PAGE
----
• Robust search system
  • OpenID support for login and signup
  • Discount codes
  • Marketing tab to help drive traffic to your store
  • Dashboard tab with realtime visitor statistics
  • Admin-wide quick search feature
  • Fulfillment services support
  • Taxation options for European countries (VAT)
  • Support for sitemap.xml
  • Microformats
  • COD, Money order, Direct debit
  • 5 new themes
  • 19 new payment gateways
  • Google Checkout integration
  • Paypal Payments Pro integration

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Support report

Here at Shopify we’re always looking for ways to improve the Shopify experience. One of the biggest challenges any business can face is providing fast, effective support for its customers.

Our support tracking system, Tender App, helps us track all of our support tickets and gives us statistics on the average support response time per ticket. We’ve recently passed a new milestone. We were able to reduce the average response time per ticket from approximately 1 day down to just over 5 hours! Here is some background on how support at Shopify works:

Up until this year the majority of support for Shopify was performed by one official Shopify staff (Mike), along with unofficial help from our great community of developers and designers (Thanks Caroline, Jamie, and all the others!). This method of “crowd sourcing” support worked well, but over time demand for support grew to the point where this model started to show its flaws. We’ve recently implemented support changes that we feel work to correct these flaws. We hope you’ll feel that way, too!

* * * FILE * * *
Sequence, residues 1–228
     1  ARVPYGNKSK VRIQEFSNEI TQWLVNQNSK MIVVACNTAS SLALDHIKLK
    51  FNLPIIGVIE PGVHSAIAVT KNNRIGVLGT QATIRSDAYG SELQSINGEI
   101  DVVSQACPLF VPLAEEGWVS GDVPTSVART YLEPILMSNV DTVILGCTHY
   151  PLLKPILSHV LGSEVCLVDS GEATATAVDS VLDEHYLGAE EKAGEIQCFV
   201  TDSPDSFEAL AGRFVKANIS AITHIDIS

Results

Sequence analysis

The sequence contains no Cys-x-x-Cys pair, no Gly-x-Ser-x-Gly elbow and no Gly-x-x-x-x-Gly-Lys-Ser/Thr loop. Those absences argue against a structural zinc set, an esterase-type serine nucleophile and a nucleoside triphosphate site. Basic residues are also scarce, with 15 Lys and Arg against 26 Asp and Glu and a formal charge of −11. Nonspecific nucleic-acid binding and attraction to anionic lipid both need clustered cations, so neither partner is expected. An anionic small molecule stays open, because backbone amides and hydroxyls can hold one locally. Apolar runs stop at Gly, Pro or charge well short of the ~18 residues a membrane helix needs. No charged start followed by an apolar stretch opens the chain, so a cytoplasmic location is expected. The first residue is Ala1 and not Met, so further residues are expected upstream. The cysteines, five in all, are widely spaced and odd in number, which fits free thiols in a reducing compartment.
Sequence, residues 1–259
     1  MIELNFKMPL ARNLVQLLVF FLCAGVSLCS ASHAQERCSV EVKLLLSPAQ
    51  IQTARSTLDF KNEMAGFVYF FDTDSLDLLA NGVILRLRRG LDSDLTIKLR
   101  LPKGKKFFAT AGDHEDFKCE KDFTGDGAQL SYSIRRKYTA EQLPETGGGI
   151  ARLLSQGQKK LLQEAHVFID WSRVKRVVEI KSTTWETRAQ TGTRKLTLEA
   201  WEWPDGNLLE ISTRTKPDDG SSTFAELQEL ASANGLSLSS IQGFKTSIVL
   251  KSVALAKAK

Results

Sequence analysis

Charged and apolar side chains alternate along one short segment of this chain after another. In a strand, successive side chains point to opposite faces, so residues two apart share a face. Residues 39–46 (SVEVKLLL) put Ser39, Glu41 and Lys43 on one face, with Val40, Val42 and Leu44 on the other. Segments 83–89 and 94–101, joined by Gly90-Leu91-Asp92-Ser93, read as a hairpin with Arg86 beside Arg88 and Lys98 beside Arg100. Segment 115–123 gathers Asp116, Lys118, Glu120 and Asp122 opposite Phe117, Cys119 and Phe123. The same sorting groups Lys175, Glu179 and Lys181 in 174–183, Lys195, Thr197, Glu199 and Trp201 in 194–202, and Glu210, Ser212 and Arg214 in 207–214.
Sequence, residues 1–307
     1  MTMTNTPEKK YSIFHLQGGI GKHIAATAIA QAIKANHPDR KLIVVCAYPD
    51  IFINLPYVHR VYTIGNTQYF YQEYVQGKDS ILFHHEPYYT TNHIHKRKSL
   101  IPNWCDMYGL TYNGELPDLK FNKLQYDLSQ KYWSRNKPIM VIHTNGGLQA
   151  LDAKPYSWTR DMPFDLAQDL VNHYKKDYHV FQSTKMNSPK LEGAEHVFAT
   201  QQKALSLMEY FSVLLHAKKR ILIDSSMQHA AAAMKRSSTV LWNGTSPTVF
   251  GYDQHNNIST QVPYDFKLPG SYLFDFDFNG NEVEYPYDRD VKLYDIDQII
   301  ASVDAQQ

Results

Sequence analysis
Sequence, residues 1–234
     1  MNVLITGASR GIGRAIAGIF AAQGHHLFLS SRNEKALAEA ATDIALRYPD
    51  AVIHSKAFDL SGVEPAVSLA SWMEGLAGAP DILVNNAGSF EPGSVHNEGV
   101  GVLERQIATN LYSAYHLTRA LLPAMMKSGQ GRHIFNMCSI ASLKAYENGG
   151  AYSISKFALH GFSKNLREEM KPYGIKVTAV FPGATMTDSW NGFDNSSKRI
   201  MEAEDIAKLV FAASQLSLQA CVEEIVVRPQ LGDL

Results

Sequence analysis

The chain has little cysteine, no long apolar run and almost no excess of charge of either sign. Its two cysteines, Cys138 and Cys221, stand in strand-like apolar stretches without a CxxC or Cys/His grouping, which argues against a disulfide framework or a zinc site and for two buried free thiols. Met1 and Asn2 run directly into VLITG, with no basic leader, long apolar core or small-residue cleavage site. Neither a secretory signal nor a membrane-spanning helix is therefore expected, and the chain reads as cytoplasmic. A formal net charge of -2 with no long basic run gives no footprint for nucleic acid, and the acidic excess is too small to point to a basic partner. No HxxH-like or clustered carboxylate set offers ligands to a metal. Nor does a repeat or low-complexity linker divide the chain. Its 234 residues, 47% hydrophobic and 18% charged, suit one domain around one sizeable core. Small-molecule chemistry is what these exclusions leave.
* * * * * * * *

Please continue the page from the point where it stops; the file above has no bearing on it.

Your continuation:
Just what has been done at Shopify to beef up support?

1. Support Team grows

We added another dedicated support staff a while back, Peter, to help answer your questions and give direction to your requests. He’s also been busy beefing up the support Knowledge Database as new topics come to light. You can access the knowledge base by using the links at the top of the Shopify support area.

2. Level 2, the next step

We’ve also more recently implemented a rotating Level 2 Support system by which the Shopify developers each take turns addressing problems that require escalation. This is probably the biggest change we’ve made to our support model, and it’s what has allowed us to really speed up support response times. With the old method, questions would be submitted to the developers in a free-for-all type setting, often there would be confusion as to whom the task would go to, leading to slow-downs and dropped-tickets. Now, by working on a weekly cycle with a dedicated developer, it allows our other developers to continue to work on improving Shopify, while still giving you the benefit of dedicated developer support for your tougher problems.

3. Whats next?

As we continue to grow, Shopify support will grow, too. We will be adding new sections to the support system (check out the new API section we’ve just added, and look for more coming soon). We will also be hiring more support staff in the near future to help with these new sections. Also, we will be taking suggestions from you, and others, as to how you feel we can better improve your Shopify experience. Feel free to comment on this article and let us know what you think! With your help, we can make Shopify the friendliest eCommerce solution going.

Happy Selling :-)

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Selling More Shopify Apps, Part 1: The Decision-Making Process

Selling More Shopify Apps, Part 1: The Decision-Making Process

 Selling More Shopify Apps, Part 1: The Decision-Making Process

Shopify? Apps? I Thought It Was an Ecommerce Thingy!

It is. If you want to sell stuff or services online in exchange for money – a business model so crazy that it just might work – Shopify is the best, easiest and most hassle-free way to do it. You can use a store that lives on our hosted service or build a program that calls our API to do the ecommerce stuff: the catalog, the shopping cart, the credit card hoo-hah, and so on.

While Shopify does a lot, it can’t do everything. Perhaps there’s a feature that you wish Shopify had, but it applies only to a small vertical or maybe even only your business. Or there just might be some feature that we haven’t thought of implementing yet.